something of value to a lot of people
- Trial and error, it’s an iterative process. So you must recognize errors quickly and not invest too much effort in a specific brokenness. Part of this requires maturity.
other people dismiss as a toy
- The passage on which Gruber focused and an interesting tidbit. Not that central, come to think of it. But it’s important to note that people’s dismissive attitude may be misled, that “toys” may hide tools, that it’s probably a good idea not to take all feedback to heart…
- At this point, when someone comes to us with
something that users like but that we could envision forum trolls
dismissing as a toy, it makes us especially likely to invest.
- the best source of organic ones
- Especially to investors. Potentially self-serving… in a useful way.
- they’re at the forefront of technology
- That part I would dispute, actually. Unless we talk about a specific subgroup of young founders and a specific set of tools. Young founders tend to be oblivious to a large field in technology, including social tools.
- they’re in a position to discover
valuable types of fixable brokenness first
- The focus on fixable brokenness makes sense if we’re thinking exclusively through the engineering worldview, but it’s at the centre of some failures like the Google Buzz launch.
- you still have to work hard
- Of the “inspiration shouldn’t make use forget perspiration” kind. Makes for a more thoughtful approach than the frequent “all you need to do…” claims.
- I’d encourage anyone
starting a startup to become one of its users, however unnatural it
- Not merely an argument for dogfooding. It’s deeper than that. Googloids probably use Google tools but they didn’t actually become users. They’re beta testers with a strong background in troubleshooting. Not the best way to figure out what users really want or how the tool will ultimately fail.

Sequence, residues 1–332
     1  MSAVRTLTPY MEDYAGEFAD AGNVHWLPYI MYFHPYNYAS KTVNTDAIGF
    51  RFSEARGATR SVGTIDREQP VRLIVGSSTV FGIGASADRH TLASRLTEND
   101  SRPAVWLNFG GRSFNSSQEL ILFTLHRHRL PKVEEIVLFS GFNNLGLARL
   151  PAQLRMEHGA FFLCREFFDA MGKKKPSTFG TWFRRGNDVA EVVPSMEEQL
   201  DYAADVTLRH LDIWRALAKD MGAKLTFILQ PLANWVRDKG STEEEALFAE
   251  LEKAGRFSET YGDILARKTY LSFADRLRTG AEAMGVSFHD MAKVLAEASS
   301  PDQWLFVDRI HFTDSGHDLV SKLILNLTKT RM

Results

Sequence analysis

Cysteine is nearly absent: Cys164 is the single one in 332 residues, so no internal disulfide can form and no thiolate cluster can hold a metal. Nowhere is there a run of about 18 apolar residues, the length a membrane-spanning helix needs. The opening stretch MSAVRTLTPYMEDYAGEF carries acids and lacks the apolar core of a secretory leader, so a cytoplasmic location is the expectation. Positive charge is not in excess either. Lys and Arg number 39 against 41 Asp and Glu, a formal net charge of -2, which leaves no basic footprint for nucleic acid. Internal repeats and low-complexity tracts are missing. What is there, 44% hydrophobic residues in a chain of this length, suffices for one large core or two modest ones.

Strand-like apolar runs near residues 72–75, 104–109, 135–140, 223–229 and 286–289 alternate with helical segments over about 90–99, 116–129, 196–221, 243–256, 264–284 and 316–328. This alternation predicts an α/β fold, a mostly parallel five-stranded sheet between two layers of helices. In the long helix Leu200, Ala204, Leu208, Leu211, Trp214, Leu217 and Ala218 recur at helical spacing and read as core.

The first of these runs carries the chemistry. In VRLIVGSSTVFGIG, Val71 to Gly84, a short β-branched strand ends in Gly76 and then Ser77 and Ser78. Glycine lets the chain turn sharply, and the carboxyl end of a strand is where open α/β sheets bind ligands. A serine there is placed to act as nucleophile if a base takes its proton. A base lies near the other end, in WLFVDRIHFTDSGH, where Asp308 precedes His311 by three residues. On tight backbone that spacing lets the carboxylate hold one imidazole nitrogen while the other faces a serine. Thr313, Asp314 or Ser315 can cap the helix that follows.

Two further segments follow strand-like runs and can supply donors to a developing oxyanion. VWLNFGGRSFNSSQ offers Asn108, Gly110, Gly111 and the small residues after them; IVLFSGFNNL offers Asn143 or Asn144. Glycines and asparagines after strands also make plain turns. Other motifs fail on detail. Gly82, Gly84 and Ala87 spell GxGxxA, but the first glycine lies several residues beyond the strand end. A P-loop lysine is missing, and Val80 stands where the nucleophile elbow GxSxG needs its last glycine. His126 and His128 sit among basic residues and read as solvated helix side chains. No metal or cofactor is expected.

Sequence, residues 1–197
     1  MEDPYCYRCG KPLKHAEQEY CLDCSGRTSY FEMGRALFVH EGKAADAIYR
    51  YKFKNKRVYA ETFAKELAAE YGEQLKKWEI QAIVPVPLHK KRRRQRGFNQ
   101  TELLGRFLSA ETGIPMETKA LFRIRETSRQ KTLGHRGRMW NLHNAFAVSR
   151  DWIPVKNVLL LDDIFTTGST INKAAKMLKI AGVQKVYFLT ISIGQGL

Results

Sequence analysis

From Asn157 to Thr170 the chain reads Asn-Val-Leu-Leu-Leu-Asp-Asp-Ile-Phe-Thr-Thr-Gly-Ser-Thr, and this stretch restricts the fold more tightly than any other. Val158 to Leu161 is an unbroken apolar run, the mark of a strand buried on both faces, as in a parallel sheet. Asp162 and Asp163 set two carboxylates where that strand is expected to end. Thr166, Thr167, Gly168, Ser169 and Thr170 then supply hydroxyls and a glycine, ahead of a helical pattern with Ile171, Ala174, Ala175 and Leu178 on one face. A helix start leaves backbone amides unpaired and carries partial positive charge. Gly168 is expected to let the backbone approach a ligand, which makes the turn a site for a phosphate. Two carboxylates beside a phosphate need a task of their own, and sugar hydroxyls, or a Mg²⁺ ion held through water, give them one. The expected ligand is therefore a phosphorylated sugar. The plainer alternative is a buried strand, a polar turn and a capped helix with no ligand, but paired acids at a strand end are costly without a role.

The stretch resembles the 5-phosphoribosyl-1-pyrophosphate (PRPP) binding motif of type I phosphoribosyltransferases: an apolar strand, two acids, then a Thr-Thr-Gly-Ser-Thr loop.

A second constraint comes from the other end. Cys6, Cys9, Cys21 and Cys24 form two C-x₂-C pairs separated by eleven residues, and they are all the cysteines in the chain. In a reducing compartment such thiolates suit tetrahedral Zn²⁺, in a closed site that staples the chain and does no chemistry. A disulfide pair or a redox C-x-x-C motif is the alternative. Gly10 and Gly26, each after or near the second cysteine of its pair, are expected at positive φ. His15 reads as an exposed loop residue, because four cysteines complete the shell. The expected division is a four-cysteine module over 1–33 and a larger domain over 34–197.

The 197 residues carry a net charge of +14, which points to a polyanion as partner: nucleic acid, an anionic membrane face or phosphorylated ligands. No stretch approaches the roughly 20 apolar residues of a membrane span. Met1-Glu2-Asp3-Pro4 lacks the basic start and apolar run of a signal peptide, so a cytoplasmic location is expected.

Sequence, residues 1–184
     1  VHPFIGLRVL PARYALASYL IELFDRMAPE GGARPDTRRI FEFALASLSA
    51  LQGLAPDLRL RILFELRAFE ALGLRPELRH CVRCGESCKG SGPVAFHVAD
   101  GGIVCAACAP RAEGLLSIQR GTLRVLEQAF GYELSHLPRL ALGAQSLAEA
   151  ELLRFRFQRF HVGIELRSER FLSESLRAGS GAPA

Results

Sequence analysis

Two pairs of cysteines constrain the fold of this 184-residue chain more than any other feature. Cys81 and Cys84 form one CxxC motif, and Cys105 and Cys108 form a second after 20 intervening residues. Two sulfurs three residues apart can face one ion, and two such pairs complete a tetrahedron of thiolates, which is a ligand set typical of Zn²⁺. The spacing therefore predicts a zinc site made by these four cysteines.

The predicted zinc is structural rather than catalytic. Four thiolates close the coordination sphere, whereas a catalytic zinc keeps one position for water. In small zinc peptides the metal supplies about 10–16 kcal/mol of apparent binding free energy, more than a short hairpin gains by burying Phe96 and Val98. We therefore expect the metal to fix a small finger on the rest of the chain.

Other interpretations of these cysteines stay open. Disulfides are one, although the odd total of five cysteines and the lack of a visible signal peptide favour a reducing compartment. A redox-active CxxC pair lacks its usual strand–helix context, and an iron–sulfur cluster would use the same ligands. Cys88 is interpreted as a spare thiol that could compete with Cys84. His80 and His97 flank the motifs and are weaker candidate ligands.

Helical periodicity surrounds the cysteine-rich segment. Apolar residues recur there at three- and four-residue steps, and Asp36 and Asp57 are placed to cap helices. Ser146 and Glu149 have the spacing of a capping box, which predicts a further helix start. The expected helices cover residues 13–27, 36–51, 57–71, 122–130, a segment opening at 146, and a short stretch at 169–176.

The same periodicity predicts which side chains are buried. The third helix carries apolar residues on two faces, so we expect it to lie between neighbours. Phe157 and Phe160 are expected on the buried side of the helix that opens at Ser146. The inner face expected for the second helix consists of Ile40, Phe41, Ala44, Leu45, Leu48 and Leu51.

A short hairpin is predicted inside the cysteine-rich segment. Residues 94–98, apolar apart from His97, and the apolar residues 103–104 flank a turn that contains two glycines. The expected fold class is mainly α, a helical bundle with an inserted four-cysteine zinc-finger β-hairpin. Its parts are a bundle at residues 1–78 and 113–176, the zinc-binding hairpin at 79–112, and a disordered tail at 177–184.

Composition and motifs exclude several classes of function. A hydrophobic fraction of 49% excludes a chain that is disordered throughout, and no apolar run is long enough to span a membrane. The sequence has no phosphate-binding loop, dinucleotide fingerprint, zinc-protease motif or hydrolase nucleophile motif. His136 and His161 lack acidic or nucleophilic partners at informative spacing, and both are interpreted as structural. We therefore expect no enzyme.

- It’s hard to compete directly with open source software
- Open Source as competition isn’t new as a concept, but it takes time to seep in.
- there has to be some part
you can charge for
- The breach through which old-school “business models” enter with little attention paid to everything else. To the extent that much of the whole piece might crumble from pressure built up by the “beancounter” worldview. Good thing he acknowledges it.
Something which happens to me on a rather regular basis (and about which I blogged before) is that I’ll hear about something right after thinking about it. For instance, if I think about the fact that a given tool should exist, it may be announced right at that moment.
Hey, I was just thinking about this!
The effect is a bit strange but it’s quite easy to explain. It feels like a “premonition,” but it probably has more to do with “being in phase.” In some cases, it may also be that I heard about that something but hadn’t registered the information. I know it happens a lot and it might not be too hard to trace back. But I prefer thinking about phase.
And, yes, I am thinking about phase difference in waves. Not in a very precise sense, but the image still works, for me. Especially with the Lissajous representation, as above.
See, I don’t particularly want to be “ahead of the curve” and I don’t particularly mind being “behind the curve.” But when I’m right “in the curve,” something interesting happens. I’m “in the now.”
I originally thought about being “in tune” and it could also be about “in sync” or even “matching impedances.” But I still like the waves analogy. Especially since, when two waves are in phase, they reinforce one another. As analogies go, it’s not only a beautiful one, but a powerful one. And, yes, I do think about my sweetheart.